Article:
Apprendi v. New Jersey, 530 U.S. 466, 490 (2000), and has made it clear that a sentence
imposed upon facts not found by the jury or admitted by the defendant is unauthorized
and illegal. 124 S.Ct. at 2538-39. It is a question of “power” and “authority.” 124 S.Ct. at
2538-43 (it “is no mere procedural formality, but a fundamental reservation of power”).4
Blakely held that a defendant who had never been convicted by a jury (beyond a
reasonable doubt) of specific facts that permit a statutorily provided sentence has an
“entitlement” to the sentence prescribed by the verdict alone. 124 S.Ct. at 2543.
The guilty verdicts on Counts 1 and 2 in this case do not reveal any offense either
within the terms of 18 U.S.C. § 1111(b) (federal murder offense) or 18 U.S.C. § 1114
Because Blakely establishes or more properly corrects an area of law in which courts have been
usurping “judicial power,” invariably a question of jurisdiction itself, see Rhode Island v. Massachusetts,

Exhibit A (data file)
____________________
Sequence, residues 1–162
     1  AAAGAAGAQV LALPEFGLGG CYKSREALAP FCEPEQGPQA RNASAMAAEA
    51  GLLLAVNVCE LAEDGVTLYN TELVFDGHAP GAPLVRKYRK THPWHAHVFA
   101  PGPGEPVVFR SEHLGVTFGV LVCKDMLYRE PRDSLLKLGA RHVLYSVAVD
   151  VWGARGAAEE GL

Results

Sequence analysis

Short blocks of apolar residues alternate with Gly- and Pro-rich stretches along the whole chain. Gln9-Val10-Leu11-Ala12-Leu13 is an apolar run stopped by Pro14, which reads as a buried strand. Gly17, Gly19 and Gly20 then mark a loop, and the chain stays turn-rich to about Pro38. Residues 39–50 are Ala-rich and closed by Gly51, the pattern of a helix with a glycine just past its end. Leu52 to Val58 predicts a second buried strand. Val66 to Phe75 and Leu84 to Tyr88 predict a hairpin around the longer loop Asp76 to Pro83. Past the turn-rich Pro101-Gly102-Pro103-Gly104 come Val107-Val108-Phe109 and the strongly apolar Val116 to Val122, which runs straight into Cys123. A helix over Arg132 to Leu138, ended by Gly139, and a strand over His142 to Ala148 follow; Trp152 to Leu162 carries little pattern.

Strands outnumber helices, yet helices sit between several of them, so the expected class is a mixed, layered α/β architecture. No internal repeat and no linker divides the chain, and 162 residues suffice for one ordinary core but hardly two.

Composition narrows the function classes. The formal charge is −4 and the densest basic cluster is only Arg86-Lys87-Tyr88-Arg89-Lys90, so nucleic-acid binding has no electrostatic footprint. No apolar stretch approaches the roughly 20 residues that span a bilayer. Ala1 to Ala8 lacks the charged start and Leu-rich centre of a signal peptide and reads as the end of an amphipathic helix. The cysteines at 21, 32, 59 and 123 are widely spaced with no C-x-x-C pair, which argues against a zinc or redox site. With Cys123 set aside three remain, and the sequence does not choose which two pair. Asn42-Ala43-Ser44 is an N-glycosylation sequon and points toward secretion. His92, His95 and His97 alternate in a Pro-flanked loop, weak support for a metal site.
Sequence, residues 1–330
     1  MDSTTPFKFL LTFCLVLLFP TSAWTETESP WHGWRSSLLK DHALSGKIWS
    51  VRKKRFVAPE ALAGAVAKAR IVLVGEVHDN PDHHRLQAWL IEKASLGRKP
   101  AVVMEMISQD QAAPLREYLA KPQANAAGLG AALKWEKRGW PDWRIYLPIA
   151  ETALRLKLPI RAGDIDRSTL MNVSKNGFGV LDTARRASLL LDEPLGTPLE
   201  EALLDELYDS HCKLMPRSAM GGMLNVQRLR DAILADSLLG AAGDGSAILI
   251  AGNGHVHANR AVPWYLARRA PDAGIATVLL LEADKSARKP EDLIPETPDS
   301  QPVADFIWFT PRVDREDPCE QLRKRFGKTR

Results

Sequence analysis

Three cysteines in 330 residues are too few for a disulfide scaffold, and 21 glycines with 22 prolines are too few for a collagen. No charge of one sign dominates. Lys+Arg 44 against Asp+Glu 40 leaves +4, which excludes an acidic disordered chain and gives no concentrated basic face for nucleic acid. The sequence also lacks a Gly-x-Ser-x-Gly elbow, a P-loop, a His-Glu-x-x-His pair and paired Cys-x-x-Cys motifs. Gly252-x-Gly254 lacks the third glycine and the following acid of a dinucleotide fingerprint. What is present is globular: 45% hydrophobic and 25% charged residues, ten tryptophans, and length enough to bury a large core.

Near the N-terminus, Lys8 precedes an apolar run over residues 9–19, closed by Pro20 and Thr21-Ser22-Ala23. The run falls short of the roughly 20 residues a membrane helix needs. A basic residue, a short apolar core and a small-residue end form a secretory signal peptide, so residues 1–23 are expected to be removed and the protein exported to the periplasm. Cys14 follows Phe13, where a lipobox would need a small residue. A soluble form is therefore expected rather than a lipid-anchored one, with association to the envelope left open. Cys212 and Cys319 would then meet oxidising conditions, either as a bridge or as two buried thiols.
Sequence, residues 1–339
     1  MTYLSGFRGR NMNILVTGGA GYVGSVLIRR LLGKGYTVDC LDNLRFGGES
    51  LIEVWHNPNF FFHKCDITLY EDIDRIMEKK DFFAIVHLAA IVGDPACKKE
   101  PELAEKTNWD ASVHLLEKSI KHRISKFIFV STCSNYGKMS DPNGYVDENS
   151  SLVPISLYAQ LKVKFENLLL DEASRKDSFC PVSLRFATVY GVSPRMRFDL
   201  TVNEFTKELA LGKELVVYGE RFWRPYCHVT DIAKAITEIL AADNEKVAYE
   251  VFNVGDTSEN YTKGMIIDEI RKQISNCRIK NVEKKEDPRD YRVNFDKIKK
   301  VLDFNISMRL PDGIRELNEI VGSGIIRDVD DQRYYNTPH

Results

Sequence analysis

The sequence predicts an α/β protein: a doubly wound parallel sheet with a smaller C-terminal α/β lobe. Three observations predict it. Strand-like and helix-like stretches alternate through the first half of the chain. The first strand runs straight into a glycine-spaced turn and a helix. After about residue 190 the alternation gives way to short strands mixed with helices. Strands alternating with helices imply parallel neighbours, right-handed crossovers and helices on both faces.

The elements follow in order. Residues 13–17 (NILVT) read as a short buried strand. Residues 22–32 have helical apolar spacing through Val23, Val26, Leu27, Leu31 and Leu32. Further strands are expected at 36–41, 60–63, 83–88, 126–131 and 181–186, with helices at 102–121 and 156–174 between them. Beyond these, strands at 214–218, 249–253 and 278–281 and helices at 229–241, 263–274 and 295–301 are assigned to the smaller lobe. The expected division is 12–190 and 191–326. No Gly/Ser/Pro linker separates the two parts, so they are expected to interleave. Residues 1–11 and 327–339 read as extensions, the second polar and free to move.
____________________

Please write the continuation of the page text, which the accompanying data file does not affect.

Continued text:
37 US. (12 Pet.) 657, 718 (1838) (defining jurisdiction), it would of necessity apply retroactively even if it
did not directly affect the fact-finding determinations of trial proceedings. Budinich v. Becton Dickenson
& Co., 486 U.S. 196, 203 (1988) (“by definition, a jurisdictional ruling may never be made prospective
only”) (citation omitted). Compare Russell v. Roberts, 392 U.S. 293, 294-299 (1968) (applying “rules of
criminal procedure fashioned to correct serious flaws in the fact-finding process at trial” retroactively)
(citing cases); Ivan v. City of New York, 407 U.S. 203, 204 (1972) (“Where the major purpose of new
constitutional doctrine is to overcome an aspect of the criminal trial that substantially impairs its truth-
finding function…the new rule has been given complete retroactive effect.” (citations omitted).
Here, of course, the question itself goes to this court‟s subject-matter jurisdiction to impose any